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Obscure diagnosis – oesophageal spasm

The Case

A 58-year-old male accountant presents with chest pain and dysphagia that he has had for three months. He used to smoke in his twenties, but he doesn’t have a family history of any problems and he is not on any regular medication and only takes paracetamol when needed.

He completed a cardiac exercise tolerance test and this was reported as normal. An urgent gastroscopy was also reported as normal.

Oesophageal manometry showed an elevated lower oesophageal sphincter pressure of 54mmHg (the normal range is 10-45). After a wet swallow, there was a failure of complete relaxation to the gastric baseline.


The passage of food through the oesophagus is mediated by a regular and coordinated rhythm generated by the contraction of muscles that propels food forward and then into the stomach. This process can become irregular, uncoordinated and even exaggerated, resulting into oesophageal spasm and pain.


Motility disorders in the oesophagus can be the result of:

Uncoordinated contractions (diffuse oesophageal spasm)

Diffuse oesophageal spasm is the result of simultaneous uncoordinated contractions of the distal oesophageal smooth muscle. The exact aetiology is not known, but animal studies suggest that altered degradation and/or synthesis of endogenous nitric oxide (NO) is involved in the pathogenesis of the condition.

Inadequate lower oesophageal sphincter relaxation (achalasia)

The cause of achalasia is unknown and it can affect any age group. Both genders are affected equally.

Hyper contractible oesophagus (nutcracker oesophagus)

There is documented evidence that nutcracker oesophagus is associated with acid reflux. Significant acid reflux was detected on PH monitoring in patients with nutcracker oesophagus, but a study could not find sufficient evidence to suggest a relationship between nutcracker oesophagus and acid reflux.¹ Even so, you should still be very aware of the significance of acid reflux on quality of life and the importance of treatment.¹

Clinical Features

Oesophageal spasm is a common cause of non-cardiac chest pain. It affects about 25% of the population during their lifetime and accounts for 3-10% of presentations to hospital accident and emergency departments.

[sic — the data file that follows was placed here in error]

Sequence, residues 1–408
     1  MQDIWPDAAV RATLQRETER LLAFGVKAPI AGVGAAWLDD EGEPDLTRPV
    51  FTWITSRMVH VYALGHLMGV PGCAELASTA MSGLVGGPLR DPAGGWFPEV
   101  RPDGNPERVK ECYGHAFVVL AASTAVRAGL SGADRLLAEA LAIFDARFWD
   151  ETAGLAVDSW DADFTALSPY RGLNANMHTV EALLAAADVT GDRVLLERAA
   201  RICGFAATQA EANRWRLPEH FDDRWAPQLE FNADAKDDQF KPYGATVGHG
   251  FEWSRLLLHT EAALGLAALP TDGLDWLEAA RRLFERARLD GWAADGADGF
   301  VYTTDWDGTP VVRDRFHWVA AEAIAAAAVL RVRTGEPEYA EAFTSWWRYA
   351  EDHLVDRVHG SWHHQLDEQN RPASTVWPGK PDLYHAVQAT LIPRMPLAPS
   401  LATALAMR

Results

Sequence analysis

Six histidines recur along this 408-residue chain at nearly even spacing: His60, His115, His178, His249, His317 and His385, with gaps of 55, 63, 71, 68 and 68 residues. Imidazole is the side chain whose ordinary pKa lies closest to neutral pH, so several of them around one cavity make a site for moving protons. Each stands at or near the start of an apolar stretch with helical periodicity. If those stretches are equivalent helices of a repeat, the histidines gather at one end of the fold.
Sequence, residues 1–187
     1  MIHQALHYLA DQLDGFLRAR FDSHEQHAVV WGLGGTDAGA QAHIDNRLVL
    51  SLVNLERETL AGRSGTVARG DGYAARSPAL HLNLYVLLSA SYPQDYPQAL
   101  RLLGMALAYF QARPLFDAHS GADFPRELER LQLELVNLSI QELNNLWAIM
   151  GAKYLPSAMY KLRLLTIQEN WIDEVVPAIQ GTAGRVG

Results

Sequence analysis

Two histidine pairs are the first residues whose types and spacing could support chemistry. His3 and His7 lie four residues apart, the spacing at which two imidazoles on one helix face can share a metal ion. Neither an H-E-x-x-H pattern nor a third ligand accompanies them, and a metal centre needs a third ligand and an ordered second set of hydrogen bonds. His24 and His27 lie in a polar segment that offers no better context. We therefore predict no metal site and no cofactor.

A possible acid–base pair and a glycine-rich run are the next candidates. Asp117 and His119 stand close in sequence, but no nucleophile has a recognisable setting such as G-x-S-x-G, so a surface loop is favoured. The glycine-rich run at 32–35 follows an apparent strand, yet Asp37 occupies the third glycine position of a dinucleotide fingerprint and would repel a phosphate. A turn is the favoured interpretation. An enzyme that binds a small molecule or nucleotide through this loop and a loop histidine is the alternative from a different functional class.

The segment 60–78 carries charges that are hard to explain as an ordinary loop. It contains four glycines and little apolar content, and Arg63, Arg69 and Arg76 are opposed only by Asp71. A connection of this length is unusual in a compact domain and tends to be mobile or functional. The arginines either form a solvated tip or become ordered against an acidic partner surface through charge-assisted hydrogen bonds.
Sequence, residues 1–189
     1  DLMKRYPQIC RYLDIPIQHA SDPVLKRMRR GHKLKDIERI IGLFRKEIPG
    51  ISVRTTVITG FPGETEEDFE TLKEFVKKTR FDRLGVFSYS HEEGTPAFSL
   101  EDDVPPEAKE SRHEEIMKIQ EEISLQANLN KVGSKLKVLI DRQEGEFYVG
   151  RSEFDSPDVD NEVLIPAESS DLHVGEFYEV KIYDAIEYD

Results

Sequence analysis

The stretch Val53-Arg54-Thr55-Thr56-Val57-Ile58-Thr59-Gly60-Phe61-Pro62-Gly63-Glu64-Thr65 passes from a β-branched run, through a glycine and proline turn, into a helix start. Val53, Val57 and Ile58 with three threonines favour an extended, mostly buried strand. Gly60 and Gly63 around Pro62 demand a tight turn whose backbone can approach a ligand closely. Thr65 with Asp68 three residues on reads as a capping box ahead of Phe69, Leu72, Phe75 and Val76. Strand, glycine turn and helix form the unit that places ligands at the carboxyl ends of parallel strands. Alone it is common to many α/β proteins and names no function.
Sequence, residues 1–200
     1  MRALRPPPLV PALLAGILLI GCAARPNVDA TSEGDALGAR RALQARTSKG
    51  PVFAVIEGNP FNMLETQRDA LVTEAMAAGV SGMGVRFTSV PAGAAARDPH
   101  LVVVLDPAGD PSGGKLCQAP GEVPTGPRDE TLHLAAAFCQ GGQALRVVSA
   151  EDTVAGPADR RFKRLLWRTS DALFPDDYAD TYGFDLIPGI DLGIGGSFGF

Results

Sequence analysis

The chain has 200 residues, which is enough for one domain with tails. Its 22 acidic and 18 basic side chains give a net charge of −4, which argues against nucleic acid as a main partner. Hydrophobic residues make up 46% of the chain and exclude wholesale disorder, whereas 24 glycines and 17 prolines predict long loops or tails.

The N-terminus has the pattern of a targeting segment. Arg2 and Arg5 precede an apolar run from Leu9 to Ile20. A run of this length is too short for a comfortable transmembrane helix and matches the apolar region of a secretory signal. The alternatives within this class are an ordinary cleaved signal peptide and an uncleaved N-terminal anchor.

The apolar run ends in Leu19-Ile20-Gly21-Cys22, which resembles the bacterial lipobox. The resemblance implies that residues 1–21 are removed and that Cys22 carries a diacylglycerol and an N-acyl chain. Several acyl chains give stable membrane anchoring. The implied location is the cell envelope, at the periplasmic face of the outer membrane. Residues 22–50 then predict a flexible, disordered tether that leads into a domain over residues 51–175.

Oesophageal dysmotility disorders can be secondary to other conditions:

  • Scleroderma
  • Multiple sclerosis
  • Lesions
  • Stroke patients

Uncoordinated contractions (diffuse oesophageal spasm)

Around 10% of patients presenting with non-cardiac chest pain have diffuse oesophageal spasm. 3-5% of patients with diffuse oesophageal spasm develop achalasia.

Symptoms for diffuse oesophageal spasm can range from non-specific chest pain and dysphagia to gastro-oesophageal reflux disease. The symptoms can last from seconds to minutes or even longer. Symptoms can be initiated by ingestion of food or drink, but they can also present independently.

Pain due to oesophageal contractions may be caused by retention of food bolus causing oesophageal distention. This may result in pain due to a massive increase in oesophageal muscle wall tension; if prolonged this can potentially cause muscle wall ischaemia in the oesophagus. In addition, hypersensitivity to oesophageal distension and contractions may contribute to symptom generation.

Psychiatric conditions such as depression are a common finding in these patients and should not be left untreated. The symptoms associated with eating can result into nutritional insufficiency which can worsen the depressive disorder.

Inadequate lower oesophageal sphincter relaxation (achalasia)

The main symptom is dysphagia with 100% to solids and about 75% to liquids, but this can fluctuate. Cough and chest infection can develop secondary to aspiration of pooled oesophageal content. There is a slight increase risk of developing squamous cell carcinoma of the oesophagus.

Hyper-contractible oesophagus (nutcracker oesophagus)

It is one of the most frequent oesophageal motor disorders in patients with non-cardiac chest pain.

One study concluded that nutcracker oesophagus was associated with chest pain and dysphagia.2

Differential diagnosis

Differential diagnosis include:

  • Tumours
  • Oesophageal web
  • Schatzki ring
  • Constricting-oesophageal mass